Bahrain is supposedly one of the most tolerant countries in the Arab world. Being gay was legalized in 1976, but if you're openly gay you may be prosecuted under laws relating to “public morality”. In 2014 a High Administrative Court ruled to allow 2 women to have a gender reassignment surgery and be recognized as men following their surgery. Bahrain is often considered to be one of the most tolerant of the Gulf States, in particular when compared to its giant neighbor, Saudi Arabia. So much so, that the Saudis nickname Bahrain as “the Bar” because it’s where they can easily drive to for a weekend trip to buy alcohol and meet people freely. In the media, homosexual issues were discussed as early as 2001 in the Arabic language newspaper, “Al-Meethaq” and subsequently in the English language paper, “Gulf Daily News”.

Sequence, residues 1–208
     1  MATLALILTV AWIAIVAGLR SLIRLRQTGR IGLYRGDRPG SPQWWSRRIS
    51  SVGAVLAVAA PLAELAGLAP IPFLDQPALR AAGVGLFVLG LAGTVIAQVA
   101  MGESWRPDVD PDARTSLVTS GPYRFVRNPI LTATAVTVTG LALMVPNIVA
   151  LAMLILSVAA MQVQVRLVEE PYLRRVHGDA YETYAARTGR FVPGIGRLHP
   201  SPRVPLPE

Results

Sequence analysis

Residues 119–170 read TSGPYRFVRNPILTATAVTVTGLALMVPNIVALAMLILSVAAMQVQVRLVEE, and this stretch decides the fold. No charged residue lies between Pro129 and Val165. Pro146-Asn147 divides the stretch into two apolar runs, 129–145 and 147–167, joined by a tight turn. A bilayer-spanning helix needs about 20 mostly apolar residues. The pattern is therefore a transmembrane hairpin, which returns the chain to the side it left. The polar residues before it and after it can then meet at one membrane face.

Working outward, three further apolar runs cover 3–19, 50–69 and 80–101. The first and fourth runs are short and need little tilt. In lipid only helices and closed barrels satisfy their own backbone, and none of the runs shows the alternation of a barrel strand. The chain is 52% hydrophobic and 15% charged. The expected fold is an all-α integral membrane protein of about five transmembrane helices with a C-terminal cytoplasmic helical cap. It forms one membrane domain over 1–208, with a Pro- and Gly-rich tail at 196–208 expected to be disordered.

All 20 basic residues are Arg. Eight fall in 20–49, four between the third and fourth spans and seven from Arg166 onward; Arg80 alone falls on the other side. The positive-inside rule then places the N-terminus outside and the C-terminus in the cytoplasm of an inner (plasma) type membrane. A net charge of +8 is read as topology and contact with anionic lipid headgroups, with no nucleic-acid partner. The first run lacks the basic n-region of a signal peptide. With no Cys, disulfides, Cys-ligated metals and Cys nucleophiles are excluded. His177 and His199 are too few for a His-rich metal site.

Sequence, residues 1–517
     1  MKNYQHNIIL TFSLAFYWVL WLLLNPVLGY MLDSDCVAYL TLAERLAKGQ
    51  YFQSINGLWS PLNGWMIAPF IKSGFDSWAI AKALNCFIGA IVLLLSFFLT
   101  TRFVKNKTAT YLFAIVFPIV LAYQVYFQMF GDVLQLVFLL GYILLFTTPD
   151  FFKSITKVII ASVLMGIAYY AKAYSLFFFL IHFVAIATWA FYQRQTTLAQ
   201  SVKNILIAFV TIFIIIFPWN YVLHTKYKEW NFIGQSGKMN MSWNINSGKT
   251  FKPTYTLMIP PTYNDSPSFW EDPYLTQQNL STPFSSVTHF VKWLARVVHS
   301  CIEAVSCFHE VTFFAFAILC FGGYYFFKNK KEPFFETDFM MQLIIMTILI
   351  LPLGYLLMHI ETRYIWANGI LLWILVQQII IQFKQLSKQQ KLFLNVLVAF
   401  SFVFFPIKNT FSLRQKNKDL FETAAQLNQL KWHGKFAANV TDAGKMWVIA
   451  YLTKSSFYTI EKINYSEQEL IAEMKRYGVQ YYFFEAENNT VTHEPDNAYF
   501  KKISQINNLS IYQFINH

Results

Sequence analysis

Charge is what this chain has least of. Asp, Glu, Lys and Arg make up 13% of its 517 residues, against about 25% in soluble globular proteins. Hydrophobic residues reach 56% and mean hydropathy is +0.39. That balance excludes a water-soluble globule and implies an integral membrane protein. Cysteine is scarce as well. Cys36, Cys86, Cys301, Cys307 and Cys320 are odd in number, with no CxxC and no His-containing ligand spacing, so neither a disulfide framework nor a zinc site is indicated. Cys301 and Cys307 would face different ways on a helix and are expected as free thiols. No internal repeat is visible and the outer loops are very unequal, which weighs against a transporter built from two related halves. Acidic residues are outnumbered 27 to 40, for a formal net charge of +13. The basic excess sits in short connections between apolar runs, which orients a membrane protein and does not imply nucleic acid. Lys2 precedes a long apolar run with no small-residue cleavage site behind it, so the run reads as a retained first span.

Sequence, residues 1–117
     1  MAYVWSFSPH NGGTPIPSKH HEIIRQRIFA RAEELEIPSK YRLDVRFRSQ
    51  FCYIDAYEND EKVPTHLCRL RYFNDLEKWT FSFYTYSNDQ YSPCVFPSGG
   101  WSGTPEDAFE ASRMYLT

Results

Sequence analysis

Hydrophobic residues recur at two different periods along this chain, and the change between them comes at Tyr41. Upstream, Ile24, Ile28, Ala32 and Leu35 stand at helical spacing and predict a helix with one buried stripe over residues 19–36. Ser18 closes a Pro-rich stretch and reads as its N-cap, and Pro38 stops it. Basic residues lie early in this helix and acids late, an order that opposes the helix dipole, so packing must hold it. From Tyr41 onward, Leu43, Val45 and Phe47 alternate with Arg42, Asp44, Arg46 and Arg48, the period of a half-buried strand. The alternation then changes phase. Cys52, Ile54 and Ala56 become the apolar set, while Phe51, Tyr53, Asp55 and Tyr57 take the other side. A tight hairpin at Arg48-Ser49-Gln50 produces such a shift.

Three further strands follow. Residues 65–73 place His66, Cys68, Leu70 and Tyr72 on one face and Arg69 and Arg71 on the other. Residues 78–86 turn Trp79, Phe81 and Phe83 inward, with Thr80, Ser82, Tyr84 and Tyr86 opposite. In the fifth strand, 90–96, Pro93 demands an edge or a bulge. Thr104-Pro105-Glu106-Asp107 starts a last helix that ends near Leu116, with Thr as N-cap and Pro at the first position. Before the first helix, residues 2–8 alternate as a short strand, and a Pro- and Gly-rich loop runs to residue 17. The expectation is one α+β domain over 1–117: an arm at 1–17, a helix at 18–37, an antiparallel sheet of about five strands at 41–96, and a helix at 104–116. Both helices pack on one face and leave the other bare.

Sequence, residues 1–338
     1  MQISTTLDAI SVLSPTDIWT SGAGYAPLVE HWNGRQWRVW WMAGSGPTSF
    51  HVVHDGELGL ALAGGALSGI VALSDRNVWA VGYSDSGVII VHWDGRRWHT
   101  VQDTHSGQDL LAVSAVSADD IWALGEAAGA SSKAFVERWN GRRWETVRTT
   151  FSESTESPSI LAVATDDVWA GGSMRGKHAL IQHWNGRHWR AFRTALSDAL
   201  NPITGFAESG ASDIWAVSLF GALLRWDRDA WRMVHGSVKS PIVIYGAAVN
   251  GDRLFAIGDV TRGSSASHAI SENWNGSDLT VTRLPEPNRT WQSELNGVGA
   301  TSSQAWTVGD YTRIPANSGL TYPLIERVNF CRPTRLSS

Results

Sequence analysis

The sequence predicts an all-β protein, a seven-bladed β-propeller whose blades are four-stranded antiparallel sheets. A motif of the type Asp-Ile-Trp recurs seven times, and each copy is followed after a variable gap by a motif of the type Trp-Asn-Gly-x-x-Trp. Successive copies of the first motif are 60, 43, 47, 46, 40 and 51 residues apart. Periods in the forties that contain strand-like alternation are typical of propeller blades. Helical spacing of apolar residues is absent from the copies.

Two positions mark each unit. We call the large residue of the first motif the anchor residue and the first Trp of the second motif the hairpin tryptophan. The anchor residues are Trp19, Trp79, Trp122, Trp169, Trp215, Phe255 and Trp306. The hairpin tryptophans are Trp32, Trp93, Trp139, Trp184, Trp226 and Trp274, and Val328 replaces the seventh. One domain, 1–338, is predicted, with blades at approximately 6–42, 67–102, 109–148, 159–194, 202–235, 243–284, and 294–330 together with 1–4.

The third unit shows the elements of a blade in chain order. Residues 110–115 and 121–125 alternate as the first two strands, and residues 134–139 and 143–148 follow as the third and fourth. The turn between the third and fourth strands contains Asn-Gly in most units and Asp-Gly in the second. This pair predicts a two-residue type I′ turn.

On the face of it, like Jordan, Bahrain appears to be another shining gay star in the Arab world, having legalized homosexuality as early as 1976. It also has an equal age of consent of 21 for both straight and gay couples. Sadly, other sections of the Bahrain Penal Code relating to “public immorality”, “public indecency” and “immoral behavior” are used to crack down on the LGBTQ community in much the same way as it has been used in Jordan.

 



Jordan


We found Jordan to be one of the most gay friendly Arab countries. Being gay was legalized in 1951, but if you're openly gay you may be prosecuted under “public morality” laws.  the right to change legal gender was allowed by the Cassation Court (Jordan's highest Court) in 2014. However, in April 2018, Parliament passed laws banning gender reassignment surgery. My.Kali: the Arab world's first LGBTQ online magazine was created in 2007 by handsome Jordanian model and activist, Khalid Abdel-Hadi: